Tricare Fraud – What Is It and What Penalties Can Be Imposed on Scamsters

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Tricare is a special healthcare program devised to cater to the medical needs of people associated with the US armed forces in different capacities. Apart from the people serving the military currently, the program also covers the person retired from the services, their families, and dependents. It also covers the National Guard and Reserve members, those enrolled in the Defense Enrollment Eligibility Reporting System and the recipients of the Medal of Honor and their families. While the program is wide-ranging, the program has been rocked by news of fraudulent claims. According to, the FBI says that healthcare fraud costs the nation tens of billions of dollar every year. Considering the enormity of the problem and the seriousness with which the investigating authorities are clamping down on these illegal activities, the owners and providers of healthcare services may find themselves under investigation and thus need to have a strategic plan of defense against charges of submission of fictitious or false claims.

Who Investigates Fraud under the Tricare Program? 

There are quite a few agencies that are empowered to investigate fraud under the Tricare program. Primarily they are the Department of Defense, the Department for Health and Human Services (HHS), the Office of Inspector General (OIG), and the Federal Bureau of Investigation (FBI). It is also quite common for the Drug Enforcement Administration (DEA) to be also involved in the investigation.

Types of Investigation and Prosecution 

Criminal charges: Sometimes the investigating authorities may institute criminal charges on individuals they think to be responsible for Tricare fraud. The federal government will bring the fraud case before a U.S. District Court and seek to indict the charged individuals so that they can be sent to jail. Criminal healthcare fraud cases can be very complex and require the defense attorney to understand both federal criminal procedure and the legal framework of healthcare.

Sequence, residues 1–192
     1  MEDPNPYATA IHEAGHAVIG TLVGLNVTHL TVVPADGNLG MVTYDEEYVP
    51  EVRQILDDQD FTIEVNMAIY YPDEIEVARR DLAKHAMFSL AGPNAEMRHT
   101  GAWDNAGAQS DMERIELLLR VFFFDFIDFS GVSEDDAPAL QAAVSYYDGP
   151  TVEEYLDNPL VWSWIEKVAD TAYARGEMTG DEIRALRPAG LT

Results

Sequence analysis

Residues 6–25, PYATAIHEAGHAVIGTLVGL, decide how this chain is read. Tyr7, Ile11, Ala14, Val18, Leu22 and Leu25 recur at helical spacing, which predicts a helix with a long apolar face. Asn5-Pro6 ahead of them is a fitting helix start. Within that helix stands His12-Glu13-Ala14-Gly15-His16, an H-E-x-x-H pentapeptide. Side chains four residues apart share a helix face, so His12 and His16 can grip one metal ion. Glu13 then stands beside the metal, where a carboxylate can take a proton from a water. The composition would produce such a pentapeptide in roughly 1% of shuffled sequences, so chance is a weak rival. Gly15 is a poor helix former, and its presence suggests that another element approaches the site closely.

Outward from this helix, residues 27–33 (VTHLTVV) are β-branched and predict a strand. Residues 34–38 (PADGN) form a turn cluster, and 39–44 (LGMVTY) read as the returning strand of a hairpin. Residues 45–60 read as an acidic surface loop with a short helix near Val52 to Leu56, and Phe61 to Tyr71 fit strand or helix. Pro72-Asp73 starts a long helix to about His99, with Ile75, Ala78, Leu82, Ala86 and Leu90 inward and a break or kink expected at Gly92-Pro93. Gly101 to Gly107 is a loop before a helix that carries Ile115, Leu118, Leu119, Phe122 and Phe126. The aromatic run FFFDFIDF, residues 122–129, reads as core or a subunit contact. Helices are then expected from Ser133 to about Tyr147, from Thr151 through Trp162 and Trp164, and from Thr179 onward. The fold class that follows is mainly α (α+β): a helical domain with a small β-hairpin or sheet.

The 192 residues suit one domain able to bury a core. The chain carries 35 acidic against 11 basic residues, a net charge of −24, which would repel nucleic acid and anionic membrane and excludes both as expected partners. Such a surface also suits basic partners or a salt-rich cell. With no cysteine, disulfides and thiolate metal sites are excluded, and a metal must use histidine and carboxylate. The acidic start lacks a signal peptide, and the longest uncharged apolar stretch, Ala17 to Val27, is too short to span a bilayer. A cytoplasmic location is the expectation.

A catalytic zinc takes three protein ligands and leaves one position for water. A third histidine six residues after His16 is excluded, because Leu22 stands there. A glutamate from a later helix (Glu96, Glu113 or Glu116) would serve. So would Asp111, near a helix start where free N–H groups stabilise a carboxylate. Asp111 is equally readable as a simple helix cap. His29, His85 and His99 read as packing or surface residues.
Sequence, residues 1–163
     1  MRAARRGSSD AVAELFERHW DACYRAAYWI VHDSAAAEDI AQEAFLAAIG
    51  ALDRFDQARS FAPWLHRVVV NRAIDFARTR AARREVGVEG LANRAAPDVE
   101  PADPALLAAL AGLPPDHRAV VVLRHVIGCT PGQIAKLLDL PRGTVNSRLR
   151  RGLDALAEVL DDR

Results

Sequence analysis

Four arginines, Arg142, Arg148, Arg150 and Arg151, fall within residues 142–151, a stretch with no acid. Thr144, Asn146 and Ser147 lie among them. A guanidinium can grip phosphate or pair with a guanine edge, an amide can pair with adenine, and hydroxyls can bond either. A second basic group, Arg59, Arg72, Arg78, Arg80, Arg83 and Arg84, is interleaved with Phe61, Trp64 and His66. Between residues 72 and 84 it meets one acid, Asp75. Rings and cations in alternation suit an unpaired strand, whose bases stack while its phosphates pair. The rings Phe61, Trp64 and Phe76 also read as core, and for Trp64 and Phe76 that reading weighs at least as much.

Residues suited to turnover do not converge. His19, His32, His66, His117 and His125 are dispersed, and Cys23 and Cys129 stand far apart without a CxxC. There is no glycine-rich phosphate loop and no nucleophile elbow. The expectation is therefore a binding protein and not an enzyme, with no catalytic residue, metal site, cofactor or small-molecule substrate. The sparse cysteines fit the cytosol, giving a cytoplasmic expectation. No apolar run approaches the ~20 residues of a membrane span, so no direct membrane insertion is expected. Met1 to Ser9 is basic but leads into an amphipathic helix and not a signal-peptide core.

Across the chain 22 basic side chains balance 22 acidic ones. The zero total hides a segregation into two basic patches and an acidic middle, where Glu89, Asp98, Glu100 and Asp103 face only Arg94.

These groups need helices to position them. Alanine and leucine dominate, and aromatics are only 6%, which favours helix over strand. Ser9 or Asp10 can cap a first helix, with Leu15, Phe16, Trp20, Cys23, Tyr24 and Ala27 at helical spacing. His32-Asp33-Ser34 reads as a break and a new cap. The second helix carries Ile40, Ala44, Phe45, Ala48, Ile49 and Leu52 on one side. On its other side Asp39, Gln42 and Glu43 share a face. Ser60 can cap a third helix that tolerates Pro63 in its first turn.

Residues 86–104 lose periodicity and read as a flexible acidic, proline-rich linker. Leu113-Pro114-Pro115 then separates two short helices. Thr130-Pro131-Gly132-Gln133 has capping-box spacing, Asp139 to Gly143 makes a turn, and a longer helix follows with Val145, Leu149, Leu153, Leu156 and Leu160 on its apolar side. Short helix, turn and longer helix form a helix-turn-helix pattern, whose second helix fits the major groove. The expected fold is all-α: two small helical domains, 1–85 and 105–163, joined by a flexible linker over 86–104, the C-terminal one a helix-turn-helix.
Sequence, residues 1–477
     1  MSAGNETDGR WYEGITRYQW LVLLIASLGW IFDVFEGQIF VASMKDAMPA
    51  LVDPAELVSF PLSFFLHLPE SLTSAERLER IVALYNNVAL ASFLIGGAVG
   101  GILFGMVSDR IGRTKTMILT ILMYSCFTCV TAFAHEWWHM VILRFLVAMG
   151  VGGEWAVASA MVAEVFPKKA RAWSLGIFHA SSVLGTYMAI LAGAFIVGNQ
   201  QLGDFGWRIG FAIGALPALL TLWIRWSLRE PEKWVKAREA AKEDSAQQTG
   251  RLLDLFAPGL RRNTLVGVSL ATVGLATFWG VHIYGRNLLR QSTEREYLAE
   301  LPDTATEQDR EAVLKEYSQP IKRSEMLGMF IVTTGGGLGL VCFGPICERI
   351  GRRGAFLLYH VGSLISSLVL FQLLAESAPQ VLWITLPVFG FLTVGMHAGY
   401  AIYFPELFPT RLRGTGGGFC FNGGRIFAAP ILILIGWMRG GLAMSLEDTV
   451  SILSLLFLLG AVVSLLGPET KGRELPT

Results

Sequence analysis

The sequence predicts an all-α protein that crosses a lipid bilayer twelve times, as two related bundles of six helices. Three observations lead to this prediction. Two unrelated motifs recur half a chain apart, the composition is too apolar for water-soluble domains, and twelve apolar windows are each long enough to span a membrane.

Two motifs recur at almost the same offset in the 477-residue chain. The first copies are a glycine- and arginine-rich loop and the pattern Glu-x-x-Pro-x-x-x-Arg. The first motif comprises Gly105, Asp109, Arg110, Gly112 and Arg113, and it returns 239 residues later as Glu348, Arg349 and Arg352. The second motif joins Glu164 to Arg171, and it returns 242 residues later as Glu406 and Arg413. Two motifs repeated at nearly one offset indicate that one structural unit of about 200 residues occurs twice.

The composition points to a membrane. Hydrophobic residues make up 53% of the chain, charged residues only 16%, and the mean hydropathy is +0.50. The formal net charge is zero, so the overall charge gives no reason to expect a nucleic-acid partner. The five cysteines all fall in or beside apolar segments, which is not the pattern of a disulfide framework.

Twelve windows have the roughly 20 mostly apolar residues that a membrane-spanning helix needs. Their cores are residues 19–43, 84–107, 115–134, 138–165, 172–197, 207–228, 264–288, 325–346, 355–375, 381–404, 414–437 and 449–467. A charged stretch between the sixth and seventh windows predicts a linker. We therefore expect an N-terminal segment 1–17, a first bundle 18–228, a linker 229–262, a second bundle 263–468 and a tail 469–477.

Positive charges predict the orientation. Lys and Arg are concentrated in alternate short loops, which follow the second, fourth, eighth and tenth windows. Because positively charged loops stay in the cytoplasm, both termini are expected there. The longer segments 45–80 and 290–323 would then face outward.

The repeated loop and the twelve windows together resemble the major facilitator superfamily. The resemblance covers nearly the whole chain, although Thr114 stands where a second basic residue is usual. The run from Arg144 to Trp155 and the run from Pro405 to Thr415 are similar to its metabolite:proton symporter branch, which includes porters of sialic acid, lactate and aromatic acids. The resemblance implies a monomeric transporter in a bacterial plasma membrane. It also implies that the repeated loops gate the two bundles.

Civil liability: Generally imposed on companies held responsible for medical fraud, the penalties may involve requests for recoupment, fines up to $11,000 per claim held to be false, non-payment of claims in the future, exclusion from the healthcare programs of the federal government, reimbursement of fees of the government attorneys, as well as treble damages. The civil liability may arise even if there had been no specific intent to break the law, and in fact, the government has no need to prove the responsible people had any knowledge of the illegality of the transaction.

Who May Be Prosecuted?

Any business or person that is under contract with the U.S. Government, directly or indirectly, or is paid the federal government for services rendered is covered under the healthcare statutes. The most common targets of investigation are pharmacies, compound pharmacies, hospitals, toxicology laboratories, entities owned by physicians, physicians, nurses, staff, and companies manufacturing and marketing medical devices.


If you are being investigated by any of the empowered authorities for fraud under the Tricare program, the first thing you should do is to engage an attorney who is both competent and experienced in such cases. Their understanding of the nuances and complexities of healthcare law as well as the Tricare program will help you to get the case dismissed quickly.